giovedì 22 agosto 2013

Interview with BRANDON JUHASZ

q)Walk us through an intimate day in your life

a)being an artist today especially an “emerging” artist is a juggled life. I work a full time job. When I get up I pretty much go to work. I work till early afternoon and then come home to my live/studio space and go about normally life with my family. I work mostly at night unless I have pressing deadlines in which I work whenever I have the free time/all the time. I marry my life and my practice so that whenever I have a moment or the quick need to make something or complete something my studio and work is only a room away. It works for me to integrate that way rather than having a separate studio to escape too and spend hours holed up.

q) Where did you grow up/where do you live now and how does that contribute to your art?

a)I live in Cleveland Ohio where I grew up. I recently had children and family is important to me so I moved back to my hometown. I like it. I find comfort in the history and the connection. My work is very humanistic and about the experience of life so participating in a relatively normal life only feeds to my inspiration and narratives.

q) What is your earliest memory that propelled you to create?

a)I always was a sketcher and people always responded to it. That attention sort of shapes you much the way a good athlete is promoted at a young age. You realize that something you like to do you are actually good at and it drives you to do it more. Although I doubt I could have stopped. Life throws curves at you all the time and art has at times stopped for me but like a boomerang it is the urge that never goes away. It is inside.

q) Tell us a little bit about your creative process.

a)I first started responding to the nature and power of photographs by making pictures from photographs I found online. Folded paper dioramas that I rephotographed to make a sort of simulacrum, a photograph of a photograph. I really tried to fool the viewer into thinking the subject was real. My take on the photo as truth debate or thinking about image as object. As I worked through my process I started liking the “crappy” aspect of my sculptures and how I really could tell a story through the paper pieces. Much like a painter would construct a painting I would make elaborate scenes out of paper/photographs and cardboard and then photograph them. The result was a strange awkward filtered reality. It played well into my thinking about the nature of photography and its ability to satisfy us as experience and memory. The filtering creates a strange world that we as a society have come to accept as standard. I really love the intersection of fantasy and reality. Recently I have been drawn to just using the sculptures and displaying them as a tableaux. I have become better at making them and they really stand on their own as powerful objects.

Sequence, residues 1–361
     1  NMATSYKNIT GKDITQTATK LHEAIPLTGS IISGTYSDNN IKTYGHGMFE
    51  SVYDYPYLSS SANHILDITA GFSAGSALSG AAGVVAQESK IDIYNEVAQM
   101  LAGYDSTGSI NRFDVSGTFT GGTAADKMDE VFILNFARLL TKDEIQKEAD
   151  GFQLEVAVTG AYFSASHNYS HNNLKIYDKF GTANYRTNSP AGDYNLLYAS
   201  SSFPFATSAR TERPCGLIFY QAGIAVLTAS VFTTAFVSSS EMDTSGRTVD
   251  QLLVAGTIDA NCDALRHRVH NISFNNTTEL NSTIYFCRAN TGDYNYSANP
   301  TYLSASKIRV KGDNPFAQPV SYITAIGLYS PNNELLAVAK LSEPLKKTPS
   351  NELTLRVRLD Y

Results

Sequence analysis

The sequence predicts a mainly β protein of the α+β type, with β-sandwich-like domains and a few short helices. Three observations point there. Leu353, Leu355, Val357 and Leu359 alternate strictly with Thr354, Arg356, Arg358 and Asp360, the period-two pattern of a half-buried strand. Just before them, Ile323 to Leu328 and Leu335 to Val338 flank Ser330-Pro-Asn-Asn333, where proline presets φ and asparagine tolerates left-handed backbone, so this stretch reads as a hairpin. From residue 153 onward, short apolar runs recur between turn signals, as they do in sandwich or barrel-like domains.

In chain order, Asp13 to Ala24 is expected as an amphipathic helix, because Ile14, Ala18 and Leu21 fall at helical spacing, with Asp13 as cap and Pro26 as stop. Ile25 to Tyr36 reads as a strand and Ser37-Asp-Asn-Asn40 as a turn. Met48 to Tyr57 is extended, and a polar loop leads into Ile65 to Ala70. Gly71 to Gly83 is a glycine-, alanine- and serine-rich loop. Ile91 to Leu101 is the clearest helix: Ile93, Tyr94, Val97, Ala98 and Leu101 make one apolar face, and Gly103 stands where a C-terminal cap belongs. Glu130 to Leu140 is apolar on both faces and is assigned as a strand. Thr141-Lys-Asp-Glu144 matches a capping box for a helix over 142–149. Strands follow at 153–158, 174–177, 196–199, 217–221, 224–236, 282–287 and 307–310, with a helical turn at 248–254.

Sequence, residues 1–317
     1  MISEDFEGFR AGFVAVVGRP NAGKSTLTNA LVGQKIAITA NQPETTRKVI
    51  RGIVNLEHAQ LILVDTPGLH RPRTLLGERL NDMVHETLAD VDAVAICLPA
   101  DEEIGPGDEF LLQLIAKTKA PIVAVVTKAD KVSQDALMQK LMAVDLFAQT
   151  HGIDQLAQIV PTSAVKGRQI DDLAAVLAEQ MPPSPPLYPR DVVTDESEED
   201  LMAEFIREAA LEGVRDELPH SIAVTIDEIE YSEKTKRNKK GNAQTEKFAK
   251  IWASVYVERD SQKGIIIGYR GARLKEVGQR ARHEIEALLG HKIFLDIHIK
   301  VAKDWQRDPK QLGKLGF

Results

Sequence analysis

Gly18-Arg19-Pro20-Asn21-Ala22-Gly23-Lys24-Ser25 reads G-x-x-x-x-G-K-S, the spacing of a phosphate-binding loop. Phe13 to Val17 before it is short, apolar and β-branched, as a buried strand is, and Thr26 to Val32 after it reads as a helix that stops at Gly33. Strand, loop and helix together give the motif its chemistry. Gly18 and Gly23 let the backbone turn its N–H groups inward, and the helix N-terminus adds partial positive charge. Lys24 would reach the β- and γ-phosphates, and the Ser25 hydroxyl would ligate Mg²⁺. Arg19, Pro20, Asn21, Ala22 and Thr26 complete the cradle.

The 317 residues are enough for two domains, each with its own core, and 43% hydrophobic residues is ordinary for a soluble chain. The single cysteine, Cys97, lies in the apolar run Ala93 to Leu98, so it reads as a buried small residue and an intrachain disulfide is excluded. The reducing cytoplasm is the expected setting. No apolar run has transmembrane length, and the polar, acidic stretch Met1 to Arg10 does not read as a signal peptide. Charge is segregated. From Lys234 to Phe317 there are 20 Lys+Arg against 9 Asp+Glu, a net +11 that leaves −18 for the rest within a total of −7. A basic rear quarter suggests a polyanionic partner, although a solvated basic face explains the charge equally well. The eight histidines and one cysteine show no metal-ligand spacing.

q) How do you wish for your art to be perceived?

a)I have a really good sense of humor. I feel humor is not silly it really is about sadness and duality. I want my work to be inviting but unsettling.

q) What do your internal dialogues sound like?

a)I doubt everything. Art school does that to you, forces you to be critical. I’ve learned lately though to trust myself and to know when something doesn’t work and to be okay with failure. But I am always asking myself “does this work”. Also I am always observing and participating in all life has to offer. It is were the inspirations come from. For me art has to come from life.

q) Do you feel that there are limitations to what you want to create?

a)Sure. I am limited to what I can make from the paper. But then often times I surprise myself with what I can make.

q) Do you feel art is vital to survival and if so, why?

a)Not really. I will always create and communication is vital but art plays a funny role these days. Life is so rich and textured, art is just a small piece of the grand view.

q) Describe a world without art.

a)Art is everywhere and not just the gallery high art, capital A art. It is so many things. I would imagine without art things would be pretty dull.

q) Tell us a secret, and obsession.

a)I love bad television and terrible pop music.

q) Where can people see more of your work on the internet?